Friends in Art

Friends in Art

[l-r] Leslie Golomb, Michelle Browne. Photo by Polly Whitehorn

When Michelle Browne (A'75) arrived at her freshman dorm at Carnegie Mellon University, the first person she met was dorm mate Leslie A. Golomb (A'75).

What she didn't know was that over 40 years later, they would still be friends and creating art.

As a student, Golomb found herself drawn to printmaking. "I loved the idea of process," she said. "Every time you pull a print, it is a surprise."

Browne also found herself experimenting with screen printing. "The color really spoke to me," she said.

After graduation they worked for the Citiparks Roving Art Cart. Browne said she learned the hard way to keep an eye on what art materials she handed out to children.

"The boys grabbed dowel rods, hammers and nails, and I realized they were attempting to make nunchucks," Browne said.

Browne continued to teach art in museums in Pittsburgh as Golomb went to grad school and found herself interested in the business of art. Golomb worked at the Jewish Community Center of Greater Pittsburgh and founded the American Jewish Museum.

In 2004, Golomb invited Browne to a printmaking workshop in Italy. It was the first time either of them had traveled to Europe. For two weeks, they lived on an organic farm and studied printmaking.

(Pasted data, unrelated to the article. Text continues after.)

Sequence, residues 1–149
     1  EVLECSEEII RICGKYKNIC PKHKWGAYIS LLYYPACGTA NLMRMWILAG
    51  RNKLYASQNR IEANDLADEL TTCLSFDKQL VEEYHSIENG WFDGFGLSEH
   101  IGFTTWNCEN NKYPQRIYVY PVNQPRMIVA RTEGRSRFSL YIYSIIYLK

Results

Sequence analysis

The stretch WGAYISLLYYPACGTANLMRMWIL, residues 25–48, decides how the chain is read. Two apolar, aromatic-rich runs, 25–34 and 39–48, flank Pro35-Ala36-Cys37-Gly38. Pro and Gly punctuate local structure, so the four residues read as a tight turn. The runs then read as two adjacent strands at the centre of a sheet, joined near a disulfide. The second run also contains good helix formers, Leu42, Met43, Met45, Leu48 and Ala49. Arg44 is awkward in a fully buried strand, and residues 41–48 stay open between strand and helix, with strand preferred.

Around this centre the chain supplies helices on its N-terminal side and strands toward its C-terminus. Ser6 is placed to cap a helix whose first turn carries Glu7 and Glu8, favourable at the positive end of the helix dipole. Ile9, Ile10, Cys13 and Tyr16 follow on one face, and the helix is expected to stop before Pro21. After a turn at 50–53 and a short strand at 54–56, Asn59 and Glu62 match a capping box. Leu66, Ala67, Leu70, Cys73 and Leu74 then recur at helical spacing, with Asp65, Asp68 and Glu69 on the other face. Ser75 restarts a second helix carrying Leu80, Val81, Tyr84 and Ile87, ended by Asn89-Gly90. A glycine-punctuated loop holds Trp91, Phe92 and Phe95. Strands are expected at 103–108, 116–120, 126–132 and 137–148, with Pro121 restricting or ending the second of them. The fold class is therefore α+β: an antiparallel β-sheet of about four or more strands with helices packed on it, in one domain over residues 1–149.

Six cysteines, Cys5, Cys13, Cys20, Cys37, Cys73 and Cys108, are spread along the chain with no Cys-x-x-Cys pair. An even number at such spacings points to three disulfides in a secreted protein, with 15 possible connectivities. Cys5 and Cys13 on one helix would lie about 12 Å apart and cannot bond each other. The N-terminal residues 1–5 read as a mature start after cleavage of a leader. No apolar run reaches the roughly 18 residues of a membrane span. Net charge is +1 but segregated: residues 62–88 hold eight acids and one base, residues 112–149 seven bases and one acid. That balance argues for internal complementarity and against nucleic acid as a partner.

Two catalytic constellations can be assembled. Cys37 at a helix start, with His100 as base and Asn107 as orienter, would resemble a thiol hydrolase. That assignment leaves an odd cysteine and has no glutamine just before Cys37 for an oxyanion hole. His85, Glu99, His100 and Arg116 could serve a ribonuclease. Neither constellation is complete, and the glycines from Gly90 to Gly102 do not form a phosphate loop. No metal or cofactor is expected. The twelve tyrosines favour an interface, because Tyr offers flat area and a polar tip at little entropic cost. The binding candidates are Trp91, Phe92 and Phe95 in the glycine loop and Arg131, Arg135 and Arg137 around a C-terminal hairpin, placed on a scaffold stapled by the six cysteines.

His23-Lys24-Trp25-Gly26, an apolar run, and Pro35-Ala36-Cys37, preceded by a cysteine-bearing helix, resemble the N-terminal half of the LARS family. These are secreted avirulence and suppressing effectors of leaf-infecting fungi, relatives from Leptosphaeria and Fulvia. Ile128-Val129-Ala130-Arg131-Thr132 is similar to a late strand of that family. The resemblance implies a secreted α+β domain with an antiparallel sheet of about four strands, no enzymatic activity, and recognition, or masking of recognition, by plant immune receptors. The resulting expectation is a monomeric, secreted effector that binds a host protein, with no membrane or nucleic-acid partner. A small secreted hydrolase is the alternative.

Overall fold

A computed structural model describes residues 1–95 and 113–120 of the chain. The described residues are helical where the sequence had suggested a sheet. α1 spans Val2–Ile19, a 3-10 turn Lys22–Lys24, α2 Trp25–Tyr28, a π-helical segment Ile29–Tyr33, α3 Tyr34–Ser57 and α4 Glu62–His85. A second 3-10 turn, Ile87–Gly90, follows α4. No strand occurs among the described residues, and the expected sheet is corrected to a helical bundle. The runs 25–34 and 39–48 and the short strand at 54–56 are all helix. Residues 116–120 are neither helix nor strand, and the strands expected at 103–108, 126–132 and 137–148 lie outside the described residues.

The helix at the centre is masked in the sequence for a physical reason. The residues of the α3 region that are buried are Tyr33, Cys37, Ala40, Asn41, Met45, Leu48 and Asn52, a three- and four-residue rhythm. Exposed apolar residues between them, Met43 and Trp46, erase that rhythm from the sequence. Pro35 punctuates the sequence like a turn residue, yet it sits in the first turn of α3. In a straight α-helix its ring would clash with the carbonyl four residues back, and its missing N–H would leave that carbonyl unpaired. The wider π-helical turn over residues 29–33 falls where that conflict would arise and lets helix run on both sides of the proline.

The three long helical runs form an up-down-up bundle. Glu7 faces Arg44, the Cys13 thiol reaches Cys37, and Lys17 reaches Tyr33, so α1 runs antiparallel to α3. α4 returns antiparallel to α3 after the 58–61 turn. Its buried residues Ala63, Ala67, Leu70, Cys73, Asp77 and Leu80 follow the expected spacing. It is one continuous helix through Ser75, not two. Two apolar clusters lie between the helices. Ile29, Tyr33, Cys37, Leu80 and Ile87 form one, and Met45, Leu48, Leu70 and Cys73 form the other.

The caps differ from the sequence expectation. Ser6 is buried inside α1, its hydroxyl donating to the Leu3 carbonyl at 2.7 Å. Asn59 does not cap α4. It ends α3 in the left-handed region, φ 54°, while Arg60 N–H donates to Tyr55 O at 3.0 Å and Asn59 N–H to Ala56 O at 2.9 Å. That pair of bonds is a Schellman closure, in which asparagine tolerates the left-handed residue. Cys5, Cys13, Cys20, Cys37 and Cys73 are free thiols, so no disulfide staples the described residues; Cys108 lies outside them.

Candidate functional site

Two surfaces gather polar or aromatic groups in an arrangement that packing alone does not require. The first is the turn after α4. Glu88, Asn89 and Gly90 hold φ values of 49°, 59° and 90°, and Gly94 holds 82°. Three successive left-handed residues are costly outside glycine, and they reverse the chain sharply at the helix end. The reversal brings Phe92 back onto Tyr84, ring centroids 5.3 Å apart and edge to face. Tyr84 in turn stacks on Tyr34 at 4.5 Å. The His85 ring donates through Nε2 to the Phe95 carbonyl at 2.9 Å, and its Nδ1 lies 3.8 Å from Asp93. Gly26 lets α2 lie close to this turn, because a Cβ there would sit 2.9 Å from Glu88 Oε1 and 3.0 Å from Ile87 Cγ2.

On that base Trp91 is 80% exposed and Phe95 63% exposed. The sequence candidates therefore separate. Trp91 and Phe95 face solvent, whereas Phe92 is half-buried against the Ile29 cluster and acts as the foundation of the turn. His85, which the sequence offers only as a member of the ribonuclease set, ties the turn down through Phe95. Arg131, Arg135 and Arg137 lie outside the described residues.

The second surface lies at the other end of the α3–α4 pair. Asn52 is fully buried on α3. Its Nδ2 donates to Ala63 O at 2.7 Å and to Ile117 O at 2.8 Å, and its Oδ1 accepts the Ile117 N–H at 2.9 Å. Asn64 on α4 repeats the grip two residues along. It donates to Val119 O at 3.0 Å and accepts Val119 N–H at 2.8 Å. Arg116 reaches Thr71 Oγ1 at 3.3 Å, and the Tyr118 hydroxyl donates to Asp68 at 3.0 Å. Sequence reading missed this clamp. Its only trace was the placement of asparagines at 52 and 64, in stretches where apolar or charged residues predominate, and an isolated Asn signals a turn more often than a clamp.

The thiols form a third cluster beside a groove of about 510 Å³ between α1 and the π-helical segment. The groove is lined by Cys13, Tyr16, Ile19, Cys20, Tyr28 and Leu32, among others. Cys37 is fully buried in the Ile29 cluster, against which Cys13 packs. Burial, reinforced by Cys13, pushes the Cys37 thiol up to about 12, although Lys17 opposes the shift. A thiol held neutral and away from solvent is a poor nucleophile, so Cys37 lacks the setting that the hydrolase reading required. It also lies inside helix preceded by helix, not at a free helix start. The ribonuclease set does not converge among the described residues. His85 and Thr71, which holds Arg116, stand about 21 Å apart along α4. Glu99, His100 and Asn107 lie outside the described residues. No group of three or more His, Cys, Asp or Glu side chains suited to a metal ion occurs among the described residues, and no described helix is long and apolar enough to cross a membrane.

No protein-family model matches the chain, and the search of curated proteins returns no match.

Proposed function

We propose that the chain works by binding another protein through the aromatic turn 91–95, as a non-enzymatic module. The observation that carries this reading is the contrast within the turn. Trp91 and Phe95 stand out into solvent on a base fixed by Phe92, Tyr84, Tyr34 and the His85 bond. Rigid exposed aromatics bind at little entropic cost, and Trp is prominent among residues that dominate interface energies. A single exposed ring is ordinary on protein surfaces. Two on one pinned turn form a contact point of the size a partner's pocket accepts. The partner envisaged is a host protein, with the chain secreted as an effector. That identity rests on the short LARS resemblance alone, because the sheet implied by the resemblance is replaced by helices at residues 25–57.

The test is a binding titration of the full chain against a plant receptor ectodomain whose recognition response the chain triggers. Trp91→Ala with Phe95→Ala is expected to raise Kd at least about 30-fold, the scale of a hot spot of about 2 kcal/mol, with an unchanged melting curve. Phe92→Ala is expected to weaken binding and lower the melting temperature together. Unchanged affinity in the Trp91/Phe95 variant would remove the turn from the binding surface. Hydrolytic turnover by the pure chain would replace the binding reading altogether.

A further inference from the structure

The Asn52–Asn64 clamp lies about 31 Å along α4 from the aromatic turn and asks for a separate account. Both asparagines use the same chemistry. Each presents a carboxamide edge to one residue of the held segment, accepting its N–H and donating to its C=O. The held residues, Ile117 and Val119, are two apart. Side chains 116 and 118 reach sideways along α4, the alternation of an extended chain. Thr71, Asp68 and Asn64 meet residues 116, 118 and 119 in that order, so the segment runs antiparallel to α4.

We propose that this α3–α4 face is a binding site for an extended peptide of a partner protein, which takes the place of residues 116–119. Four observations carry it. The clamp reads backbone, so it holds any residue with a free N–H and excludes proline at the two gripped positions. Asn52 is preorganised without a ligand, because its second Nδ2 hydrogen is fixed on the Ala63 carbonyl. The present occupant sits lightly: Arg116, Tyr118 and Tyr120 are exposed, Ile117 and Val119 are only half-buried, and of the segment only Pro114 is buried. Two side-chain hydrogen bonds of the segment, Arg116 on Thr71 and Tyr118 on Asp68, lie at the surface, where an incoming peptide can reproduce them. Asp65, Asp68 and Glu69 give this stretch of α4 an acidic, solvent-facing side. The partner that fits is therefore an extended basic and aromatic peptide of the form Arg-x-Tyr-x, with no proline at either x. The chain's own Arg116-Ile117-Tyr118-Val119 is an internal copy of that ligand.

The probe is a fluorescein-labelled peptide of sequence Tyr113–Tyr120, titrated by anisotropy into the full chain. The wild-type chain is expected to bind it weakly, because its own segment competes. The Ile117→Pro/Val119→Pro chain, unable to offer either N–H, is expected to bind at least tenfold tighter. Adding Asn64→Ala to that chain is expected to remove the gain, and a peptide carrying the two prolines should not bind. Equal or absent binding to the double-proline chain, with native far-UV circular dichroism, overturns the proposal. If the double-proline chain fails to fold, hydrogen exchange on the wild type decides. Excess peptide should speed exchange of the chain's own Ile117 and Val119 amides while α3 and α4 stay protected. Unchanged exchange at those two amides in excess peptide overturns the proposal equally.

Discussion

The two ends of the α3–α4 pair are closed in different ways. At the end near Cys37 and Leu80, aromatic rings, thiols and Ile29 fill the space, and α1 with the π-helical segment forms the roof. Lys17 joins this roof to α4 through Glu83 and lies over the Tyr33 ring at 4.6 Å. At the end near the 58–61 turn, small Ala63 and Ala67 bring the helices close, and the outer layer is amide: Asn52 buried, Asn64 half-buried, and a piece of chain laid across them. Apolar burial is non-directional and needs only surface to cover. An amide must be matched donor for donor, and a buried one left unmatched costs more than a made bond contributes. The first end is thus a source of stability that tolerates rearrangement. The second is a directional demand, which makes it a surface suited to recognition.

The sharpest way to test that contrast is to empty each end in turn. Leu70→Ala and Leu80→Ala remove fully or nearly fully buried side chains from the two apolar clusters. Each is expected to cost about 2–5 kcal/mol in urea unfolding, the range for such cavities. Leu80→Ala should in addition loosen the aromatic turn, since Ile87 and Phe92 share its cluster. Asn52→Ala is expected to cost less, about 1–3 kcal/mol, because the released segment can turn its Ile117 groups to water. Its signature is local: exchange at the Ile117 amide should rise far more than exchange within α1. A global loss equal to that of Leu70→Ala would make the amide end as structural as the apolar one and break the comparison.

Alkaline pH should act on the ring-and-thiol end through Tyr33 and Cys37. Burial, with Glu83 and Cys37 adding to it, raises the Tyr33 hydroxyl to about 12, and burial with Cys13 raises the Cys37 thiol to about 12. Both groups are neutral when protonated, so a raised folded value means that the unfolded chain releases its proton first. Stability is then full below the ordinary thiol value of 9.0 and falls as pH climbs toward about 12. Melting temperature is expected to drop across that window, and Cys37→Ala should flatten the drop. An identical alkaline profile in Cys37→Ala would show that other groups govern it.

"It was a jump-start to get back into serious art," Golomb said.

They returned to Pittsburgh and rented a space at Artists Image Resource on the North Side. One day Golomb had an idea about a collaborative piece to submit to the Fiberart International exhibition.

Golomb had been exploring the vulnerability of children in her art. Both women are mothers, and the subject spoke to them. Golomb found an anonymous photo of a girl from the web to start the collaboration.

"We named the first girl Betsy," Browne said. "We developed a story about her — did she have siblings?"

As they started developing their collaborative process, they headed back to CMU, listening to artist lectures and admiring new street-art styles.

They started working with block prints, then digitally enlarged images on silk screens. The girls' images were altered and layered on fabrics then given to a quilter.

Their work won second place from the Fiberart International committee in 2010.

They have continued the series, and the works have been shown in Rochester, N.Y., San Francisco and Pittsburgh.

Golomb and Browne's admiration of young contemporary art reminded them of their own time at CMU, and it inspired them to give back. They created a joint four-year art scholarship.

"It was in honor of what CMU was able to do for us," Golomb said.

Scholarships from alumni are both a valuable and meaningful way to support the university.

"It is powerful when two people who have shared their experience support the institution that helped make them successful over time," said Andrew Shaindlin, associate vice president for Alumni Relations and Annual Giving.

Related Links: College of Fine Arts | School of Art

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